Contention between Open-Source groups freely releasing code and commercial vendors capitalizing on proprietary products started the minute software became a profit-generating industry. Unlike proprietary software, which oftentimes is difficult to customize and integrate with other software applications, open source software is made available publicly for free so that others can view, copy, learn, and share the code.
Here are seven areas where a comprehensive strategy that incorporates Open-Source software (OSS) can help your business:
Cost savings: There are no license fees, version upgrade fees, or hardware costs associated with OSS and often times there are few restrictions placed on how the software must be used. This makes it especially attractive to companies with budget constraints.
Support: The implementation of an OSS application can offer a level of control that creates stability to the internal processes and methodologies that help in defining, constructing, designing, and validating the application, which is impossible with closed software solutions.
Security: Open-source is written by dozens of developers and reviewed by hundreds more. Thus, security problems are often spotted and fixed quickly.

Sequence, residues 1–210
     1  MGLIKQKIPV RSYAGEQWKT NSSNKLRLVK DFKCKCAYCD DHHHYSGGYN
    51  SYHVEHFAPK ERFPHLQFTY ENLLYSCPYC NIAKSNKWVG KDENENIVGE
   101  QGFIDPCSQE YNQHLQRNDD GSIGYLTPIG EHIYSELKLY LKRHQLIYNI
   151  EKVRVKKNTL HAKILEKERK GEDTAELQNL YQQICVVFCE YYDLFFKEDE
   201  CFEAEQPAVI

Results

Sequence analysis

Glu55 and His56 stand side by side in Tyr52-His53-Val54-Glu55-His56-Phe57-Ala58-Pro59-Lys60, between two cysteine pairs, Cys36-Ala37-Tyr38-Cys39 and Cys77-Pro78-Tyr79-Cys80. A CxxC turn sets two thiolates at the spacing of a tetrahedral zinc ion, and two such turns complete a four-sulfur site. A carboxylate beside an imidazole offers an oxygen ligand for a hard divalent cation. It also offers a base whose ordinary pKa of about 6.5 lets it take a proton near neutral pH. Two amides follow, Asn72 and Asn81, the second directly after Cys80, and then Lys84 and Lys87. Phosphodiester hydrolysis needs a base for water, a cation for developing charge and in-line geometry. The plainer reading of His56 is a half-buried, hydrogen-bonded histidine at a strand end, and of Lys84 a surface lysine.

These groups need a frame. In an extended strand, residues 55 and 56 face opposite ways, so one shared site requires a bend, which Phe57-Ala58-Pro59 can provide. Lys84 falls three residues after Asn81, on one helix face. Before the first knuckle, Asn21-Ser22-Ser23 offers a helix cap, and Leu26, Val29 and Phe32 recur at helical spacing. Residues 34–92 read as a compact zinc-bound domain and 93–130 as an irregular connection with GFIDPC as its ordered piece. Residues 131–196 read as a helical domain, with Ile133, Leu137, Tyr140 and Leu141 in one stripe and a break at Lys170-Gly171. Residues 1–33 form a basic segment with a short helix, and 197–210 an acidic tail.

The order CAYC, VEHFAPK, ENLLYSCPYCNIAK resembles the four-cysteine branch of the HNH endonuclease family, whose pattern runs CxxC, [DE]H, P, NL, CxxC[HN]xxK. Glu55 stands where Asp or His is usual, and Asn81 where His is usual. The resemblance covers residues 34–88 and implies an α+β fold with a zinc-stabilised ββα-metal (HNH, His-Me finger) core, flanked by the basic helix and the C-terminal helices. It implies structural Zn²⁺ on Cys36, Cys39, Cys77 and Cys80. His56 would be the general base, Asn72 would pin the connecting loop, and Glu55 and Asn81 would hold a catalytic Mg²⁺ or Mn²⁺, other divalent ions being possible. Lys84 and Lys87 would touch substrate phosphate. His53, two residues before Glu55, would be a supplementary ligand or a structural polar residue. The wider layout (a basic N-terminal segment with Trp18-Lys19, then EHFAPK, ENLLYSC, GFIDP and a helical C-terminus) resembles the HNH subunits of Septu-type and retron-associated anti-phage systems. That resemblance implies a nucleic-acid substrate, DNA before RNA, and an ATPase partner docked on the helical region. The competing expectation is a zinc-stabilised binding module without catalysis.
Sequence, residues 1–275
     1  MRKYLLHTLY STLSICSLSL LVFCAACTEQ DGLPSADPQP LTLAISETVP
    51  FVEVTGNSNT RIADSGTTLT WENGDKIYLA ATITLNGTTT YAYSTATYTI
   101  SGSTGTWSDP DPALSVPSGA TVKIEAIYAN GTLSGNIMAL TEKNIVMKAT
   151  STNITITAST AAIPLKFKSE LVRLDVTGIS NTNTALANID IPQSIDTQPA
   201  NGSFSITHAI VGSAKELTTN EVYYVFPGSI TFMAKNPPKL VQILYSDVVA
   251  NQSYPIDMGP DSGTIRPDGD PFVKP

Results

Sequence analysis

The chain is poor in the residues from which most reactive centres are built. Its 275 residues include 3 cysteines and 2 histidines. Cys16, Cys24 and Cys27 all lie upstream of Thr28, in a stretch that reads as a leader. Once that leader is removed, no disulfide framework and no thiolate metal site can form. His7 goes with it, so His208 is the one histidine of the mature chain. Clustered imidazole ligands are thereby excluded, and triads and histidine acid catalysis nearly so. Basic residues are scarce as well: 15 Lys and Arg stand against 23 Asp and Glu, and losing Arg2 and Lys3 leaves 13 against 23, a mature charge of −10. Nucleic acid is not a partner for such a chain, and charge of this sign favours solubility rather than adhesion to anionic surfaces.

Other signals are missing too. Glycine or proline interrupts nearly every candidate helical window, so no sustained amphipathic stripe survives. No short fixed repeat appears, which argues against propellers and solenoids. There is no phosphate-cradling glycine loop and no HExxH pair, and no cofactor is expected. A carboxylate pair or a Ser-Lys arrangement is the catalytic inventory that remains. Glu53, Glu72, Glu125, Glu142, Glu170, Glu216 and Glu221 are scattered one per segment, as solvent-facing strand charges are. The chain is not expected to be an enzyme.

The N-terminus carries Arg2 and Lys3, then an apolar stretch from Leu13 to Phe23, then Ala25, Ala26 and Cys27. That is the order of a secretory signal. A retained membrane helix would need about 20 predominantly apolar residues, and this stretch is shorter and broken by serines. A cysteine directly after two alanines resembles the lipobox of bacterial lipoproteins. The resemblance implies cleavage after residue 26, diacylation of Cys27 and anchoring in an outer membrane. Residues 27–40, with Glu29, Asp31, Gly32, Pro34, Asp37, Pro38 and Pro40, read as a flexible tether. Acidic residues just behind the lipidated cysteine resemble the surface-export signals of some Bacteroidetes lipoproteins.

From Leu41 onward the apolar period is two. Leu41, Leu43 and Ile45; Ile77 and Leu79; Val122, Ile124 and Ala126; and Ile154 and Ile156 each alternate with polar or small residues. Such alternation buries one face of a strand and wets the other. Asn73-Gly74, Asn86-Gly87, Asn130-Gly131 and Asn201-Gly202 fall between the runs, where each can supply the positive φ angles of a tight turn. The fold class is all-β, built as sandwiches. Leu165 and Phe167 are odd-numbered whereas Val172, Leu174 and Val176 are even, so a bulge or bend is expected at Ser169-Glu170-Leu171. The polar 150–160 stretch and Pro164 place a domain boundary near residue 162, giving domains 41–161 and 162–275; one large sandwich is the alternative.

Flexibility: Open-Source products offer more flexibility, not only with their adherence to standards, but also by helping to alleviate against treacherous lock-in if they are chosen as core infrastructure components.
Auditable: Unlike closed-source software, which forces users to trust the vendor when security and standards claims are made, OSS. If the source code is not available those claims remain simply claims.
Reliability: It is developed in such a way that it is typically more reliable (i.e. fewer bugs) than software which is developed using a standard commercial development method.
Longevity: When a commercial software company goes out of business you lose all your support, bug fixes, security patches, and the possibility of future versions.
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